A spasm of liberalism on the part of the famously authoritarian elected leader? Not quite. It turns out that some places in Russia have labor shortages. Putin has ordered bureaucrats to find some way to cut through the paperwork so Russians can go where the work is.
One person who would have been glad of such an opportunity is the 19th-Century social thinker Alexander Herzen. He writes about his own experience with the passport system (apparently in 1847):
The second day after my arrival in Petersburg the house porter came to ask me from the local police: "With what papers had I come to Petersburg?" The only paper I had, the decree concerning my retirement from the service, I had sent to the Governor-General with my request for a passport. I gave the house-porter my permit, but he came back to say that it was valid for leaving Moscow but not for entering Petersurg. A police-officer came too,with an invitation to the oberpolitsmeyster's office. I went to Kokoshkin's office, which was lit by lamps although it was daytime, and after an hour he arrived. Kokoshkin more than other persons of the same selection was the picture of a servant of the Tsar with no ulterior designs, a man in favour, ready to do any dirty job, a favourite with no conscience and no bent for reflection. He served and made his pile as naturally as birds sing. ...What a shame he wasn't a citizen of a free country. Oh wait.--Alexander Herzen, Ends and Beginnings 207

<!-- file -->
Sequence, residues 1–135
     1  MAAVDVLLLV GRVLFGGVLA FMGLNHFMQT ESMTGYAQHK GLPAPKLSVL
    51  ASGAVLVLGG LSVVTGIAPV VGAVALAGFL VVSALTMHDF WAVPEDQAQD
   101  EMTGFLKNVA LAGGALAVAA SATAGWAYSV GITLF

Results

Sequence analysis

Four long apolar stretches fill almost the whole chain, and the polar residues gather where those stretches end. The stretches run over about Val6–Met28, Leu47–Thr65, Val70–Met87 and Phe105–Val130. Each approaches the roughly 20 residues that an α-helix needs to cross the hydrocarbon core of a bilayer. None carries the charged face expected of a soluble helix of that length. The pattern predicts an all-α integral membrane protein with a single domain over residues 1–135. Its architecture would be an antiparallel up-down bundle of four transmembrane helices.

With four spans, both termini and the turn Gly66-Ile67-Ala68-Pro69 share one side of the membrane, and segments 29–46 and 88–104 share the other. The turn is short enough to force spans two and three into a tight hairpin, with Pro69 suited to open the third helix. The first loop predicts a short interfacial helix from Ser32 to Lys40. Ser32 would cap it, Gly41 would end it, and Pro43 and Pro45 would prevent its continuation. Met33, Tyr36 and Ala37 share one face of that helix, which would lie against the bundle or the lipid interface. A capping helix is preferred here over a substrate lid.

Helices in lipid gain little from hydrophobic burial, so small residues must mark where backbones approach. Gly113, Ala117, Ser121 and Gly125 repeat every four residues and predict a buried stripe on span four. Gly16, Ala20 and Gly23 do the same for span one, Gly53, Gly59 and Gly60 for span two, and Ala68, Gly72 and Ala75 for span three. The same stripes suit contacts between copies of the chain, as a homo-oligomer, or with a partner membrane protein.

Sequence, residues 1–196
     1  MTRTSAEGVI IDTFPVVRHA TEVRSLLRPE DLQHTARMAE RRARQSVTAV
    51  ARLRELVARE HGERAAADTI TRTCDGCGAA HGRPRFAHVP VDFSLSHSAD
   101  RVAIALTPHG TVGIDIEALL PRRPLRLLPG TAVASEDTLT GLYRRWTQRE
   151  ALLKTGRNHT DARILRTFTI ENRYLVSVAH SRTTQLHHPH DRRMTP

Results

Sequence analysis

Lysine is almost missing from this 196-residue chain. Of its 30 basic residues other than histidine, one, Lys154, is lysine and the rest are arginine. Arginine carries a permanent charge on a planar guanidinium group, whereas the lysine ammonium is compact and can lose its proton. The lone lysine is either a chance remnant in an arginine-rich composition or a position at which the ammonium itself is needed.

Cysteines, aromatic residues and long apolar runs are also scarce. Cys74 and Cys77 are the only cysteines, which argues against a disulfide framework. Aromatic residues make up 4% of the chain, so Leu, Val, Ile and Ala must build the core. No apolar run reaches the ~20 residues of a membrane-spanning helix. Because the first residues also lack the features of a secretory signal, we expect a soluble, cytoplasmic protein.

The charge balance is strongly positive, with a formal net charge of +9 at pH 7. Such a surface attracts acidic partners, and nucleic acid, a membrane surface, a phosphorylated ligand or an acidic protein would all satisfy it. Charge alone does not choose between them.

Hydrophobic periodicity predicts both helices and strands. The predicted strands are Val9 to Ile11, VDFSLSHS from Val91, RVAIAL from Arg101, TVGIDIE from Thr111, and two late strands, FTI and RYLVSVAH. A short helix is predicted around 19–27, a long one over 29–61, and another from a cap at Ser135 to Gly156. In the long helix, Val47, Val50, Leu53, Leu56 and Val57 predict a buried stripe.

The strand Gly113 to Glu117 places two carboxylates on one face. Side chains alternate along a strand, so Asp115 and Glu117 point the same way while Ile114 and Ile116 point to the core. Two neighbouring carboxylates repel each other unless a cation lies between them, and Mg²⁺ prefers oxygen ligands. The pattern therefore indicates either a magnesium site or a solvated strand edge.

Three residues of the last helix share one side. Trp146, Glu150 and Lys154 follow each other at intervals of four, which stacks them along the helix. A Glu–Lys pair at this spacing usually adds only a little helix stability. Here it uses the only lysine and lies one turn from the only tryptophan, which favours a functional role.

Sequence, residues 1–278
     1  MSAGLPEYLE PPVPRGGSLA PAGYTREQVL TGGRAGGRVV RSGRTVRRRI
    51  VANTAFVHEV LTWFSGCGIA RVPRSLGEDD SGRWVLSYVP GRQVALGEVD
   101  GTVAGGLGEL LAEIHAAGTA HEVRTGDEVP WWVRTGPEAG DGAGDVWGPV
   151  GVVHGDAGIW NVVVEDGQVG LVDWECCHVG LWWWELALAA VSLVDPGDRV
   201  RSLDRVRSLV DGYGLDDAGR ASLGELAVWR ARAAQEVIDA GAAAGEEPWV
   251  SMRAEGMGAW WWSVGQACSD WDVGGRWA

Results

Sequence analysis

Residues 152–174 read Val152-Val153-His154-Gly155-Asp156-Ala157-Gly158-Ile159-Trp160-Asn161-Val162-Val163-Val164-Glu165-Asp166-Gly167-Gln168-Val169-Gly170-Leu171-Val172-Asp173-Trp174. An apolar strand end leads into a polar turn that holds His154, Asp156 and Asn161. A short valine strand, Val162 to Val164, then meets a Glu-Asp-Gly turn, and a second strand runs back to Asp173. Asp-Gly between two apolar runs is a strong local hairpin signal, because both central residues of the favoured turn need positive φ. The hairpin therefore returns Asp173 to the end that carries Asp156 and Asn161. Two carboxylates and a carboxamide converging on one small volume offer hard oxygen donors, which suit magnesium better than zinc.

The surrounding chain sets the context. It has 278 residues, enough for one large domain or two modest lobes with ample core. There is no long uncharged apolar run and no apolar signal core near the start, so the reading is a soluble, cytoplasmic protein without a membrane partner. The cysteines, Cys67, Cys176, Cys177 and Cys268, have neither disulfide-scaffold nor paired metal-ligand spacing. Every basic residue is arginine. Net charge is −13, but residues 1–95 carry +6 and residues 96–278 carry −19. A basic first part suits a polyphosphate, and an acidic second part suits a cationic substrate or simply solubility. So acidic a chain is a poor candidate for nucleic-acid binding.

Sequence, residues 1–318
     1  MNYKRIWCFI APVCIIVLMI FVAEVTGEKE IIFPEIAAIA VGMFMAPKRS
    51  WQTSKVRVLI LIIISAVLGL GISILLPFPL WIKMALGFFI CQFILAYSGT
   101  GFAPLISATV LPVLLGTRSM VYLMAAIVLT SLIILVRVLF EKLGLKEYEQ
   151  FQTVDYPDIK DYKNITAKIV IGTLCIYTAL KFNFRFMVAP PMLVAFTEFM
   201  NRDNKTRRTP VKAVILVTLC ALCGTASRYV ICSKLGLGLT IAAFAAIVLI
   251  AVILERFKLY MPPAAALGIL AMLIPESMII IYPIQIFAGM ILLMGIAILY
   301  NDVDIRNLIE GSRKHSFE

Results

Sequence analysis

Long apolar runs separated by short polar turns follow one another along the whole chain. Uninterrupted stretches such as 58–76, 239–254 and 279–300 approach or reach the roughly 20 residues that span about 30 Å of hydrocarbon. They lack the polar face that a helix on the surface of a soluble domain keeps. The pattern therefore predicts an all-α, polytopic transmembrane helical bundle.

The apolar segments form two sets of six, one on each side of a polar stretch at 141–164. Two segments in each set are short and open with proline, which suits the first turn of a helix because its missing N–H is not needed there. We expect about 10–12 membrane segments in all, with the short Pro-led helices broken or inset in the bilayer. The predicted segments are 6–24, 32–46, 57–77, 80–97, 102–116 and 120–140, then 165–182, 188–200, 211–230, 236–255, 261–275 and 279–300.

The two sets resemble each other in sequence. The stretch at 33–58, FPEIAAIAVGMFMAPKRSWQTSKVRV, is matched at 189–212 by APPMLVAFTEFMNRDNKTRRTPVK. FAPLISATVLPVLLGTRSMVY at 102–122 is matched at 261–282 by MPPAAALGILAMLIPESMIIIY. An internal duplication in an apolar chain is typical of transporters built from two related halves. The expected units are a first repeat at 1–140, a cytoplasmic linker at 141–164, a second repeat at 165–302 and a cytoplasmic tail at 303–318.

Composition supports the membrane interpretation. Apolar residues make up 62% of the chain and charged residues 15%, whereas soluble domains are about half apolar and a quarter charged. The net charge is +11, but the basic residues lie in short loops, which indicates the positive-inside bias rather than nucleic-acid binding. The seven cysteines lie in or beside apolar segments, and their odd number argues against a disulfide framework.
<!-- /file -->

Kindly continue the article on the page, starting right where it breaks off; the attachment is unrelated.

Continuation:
(Oxford UP World's Classic ed. 1985)